Yes, but there will not be a separate proposition for the purchase of buses since the district will not borrow funds to buy them this year. Instead of incurring debt, the proposed budget includes $750,000 for the planned purchase of four 66-passenger buses, three 29-passenger buses, and one wheelchair-accessible bus to replace some of the district’s oldest buses.
The district is also slated to be reimbursed approximately 66 percent of the cost of the buses through state transportation aid in subsequent years, resulting in a net local cost of approximately $255,000. Additionally, by purchasing buses outright, the district saves an estimated $15,000 in interest and legal fees associated with borrowing funds.
The district’s retired buses are expected to be traded in to further reduce the purchase price of the new buses.
The buses scheduled to be replaced in the 2017-18 school year are among the oldest in the district’s fleet and have already accumulated high mileage, exceeded their warranties, and undergone many maintenance repairs. Beyond certain limits, buses typically become too costly to maintain given the state’s stringent safety codes. Furthermore, new school buses are aligned with the latest safety and emissions standards and have better fuel economy rates.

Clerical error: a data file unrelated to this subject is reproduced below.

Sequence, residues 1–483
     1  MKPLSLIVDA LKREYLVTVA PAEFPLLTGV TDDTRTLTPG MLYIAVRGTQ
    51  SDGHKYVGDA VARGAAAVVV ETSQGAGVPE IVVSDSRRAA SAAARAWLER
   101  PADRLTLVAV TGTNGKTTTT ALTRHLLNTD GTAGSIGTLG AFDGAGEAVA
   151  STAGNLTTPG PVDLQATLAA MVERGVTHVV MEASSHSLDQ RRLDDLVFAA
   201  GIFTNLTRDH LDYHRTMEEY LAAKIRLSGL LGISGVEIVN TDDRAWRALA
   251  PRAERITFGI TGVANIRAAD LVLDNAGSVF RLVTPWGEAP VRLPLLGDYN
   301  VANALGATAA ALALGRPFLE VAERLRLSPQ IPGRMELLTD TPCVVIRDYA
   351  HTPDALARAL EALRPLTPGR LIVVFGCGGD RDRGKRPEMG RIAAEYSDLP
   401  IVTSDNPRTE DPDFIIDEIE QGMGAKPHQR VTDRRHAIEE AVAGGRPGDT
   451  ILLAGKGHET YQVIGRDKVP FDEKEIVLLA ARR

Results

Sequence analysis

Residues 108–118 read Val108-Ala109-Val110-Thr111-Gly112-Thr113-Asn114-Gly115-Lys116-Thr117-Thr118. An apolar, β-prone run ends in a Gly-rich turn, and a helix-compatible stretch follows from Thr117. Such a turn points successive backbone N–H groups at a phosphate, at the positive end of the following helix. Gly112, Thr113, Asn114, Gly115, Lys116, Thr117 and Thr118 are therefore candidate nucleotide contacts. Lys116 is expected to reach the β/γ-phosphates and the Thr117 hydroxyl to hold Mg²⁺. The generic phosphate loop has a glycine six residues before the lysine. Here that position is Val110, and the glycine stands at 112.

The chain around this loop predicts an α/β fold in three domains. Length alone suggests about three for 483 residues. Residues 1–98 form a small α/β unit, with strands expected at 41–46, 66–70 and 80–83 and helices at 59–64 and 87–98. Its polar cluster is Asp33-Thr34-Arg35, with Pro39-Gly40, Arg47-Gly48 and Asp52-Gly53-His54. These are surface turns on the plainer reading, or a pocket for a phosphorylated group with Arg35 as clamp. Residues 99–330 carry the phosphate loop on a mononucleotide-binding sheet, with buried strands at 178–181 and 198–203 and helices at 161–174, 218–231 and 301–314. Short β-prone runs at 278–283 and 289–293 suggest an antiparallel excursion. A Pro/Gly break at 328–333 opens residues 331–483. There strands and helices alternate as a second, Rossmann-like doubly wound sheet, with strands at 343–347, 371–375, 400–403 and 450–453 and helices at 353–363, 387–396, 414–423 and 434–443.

According to state law, if a bus doesn’t pass inspection, it must be taken off the road until repairs are made. When this happens, the district has fewer buses to use for trips outside of the regular daily school runs, such as athletic team transportation, field trips, etc.
BH-BL’s 68-bus fleet travels more than 700,000 miles a year, transporting more than 3,100 students to and from its five schools. The buses are also used for sporting events, out-of-district runs, shared transportation runs, field trips, summer school, and other events.
In order to keep buses in safe working order, the district’s long-standing policy has been to replace a few of the oldest buses each year.
Yes. In addition to the first proposition (the 2017-18 school budget), residents were also asked to vote on a second proposition reauthorizing an ex officio student member position on the BH-BL Board of Education. This too was approved.
This proposition was first proposed and approved in May of 2015. For the past two years, a different high school student each school year has been appointed as an ex officio member. The students attended board meetings, sat at the board table, and contributed to public discussions. An ex officio student member does not vote and does not attend executive sessions. By law, residents must approve this proposition every two years.
“We feel it’s important to learn from our students and consider their perspective during our decision-making process,” says Board President Peter Sawyer. “For the past two years, the students’ input has been invaluable.”